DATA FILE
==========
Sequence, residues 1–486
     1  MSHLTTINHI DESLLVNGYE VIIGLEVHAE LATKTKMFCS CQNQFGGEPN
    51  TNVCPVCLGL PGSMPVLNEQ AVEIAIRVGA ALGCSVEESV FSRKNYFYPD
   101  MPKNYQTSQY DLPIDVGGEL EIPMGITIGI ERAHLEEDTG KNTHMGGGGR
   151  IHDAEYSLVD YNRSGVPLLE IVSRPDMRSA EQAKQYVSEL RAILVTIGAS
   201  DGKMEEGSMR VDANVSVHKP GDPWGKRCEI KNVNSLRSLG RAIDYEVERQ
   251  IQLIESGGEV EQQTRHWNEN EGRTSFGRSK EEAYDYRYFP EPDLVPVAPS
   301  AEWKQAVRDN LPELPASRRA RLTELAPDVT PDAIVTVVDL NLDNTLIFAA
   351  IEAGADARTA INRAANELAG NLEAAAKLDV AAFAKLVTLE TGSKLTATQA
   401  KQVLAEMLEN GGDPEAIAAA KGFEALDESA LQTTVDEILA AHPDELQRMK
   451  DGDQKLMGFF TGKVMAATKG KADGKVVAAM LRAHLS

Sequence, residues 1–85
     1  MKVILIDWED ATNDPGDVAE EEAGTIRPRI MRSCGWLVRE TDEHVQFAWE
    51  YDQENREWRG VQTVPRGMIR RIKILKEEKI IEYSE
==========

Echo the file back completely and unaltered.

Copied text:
Sequence, residues 1–486
     1  MSHLTTINHI DESLLVNGYE VIIGLEVHAE LATKTKMFCS CQNQFGGEPN
    51  TNVCPVCLGL PGSMPVLNEQ AVEIAIRVGA ALGCSVEESV FSRKNYFYPD
   101  MPKNYQTSQY DLPIDVGGEL EIPMGITIGI ERAHLEEDTG KNTHMGGGGR
   151  IHDAEYSLVD YNRSGVPLLE IVSRPDMRSA EQAKQYVSEL RAILVTIGAS
   201  DGKMEEGSMR VDANVSVHKP GDPWGKRCEI KNVNSLRSLG RAIDYEVERQ
   251  IQLIESGGEV EQQTRHWNEN EGRTSFGRSK EEAYDYRYFP EPDLVPVAPS
   301  AEWKQAVRDN LPELPASRRA RLTELAPDVT PDAIVTVVDL NLDNTLIFAA
   351  IEAGADARTA INRAANELAG NLEAAAKLDV AAFAKLVTLE TGSKLTATQA
   401  KQVLAEMLEN GGDPEAIAAA KGFEALDESA LQTTVDEILA AHPDELQRMK
   451  DGDQKLMGFF TGKVMAATKG KADGKVVAAM LRAHLS

Sequence, residues 1–85
     1  MKVILIDWED ATNDPGDVAE EEAGTIRPRI MRSCGWLVRE TDEHVQFAWE
    51  YDQENREWRG VQTVPRGMIR RIKILKEEKI IEYSE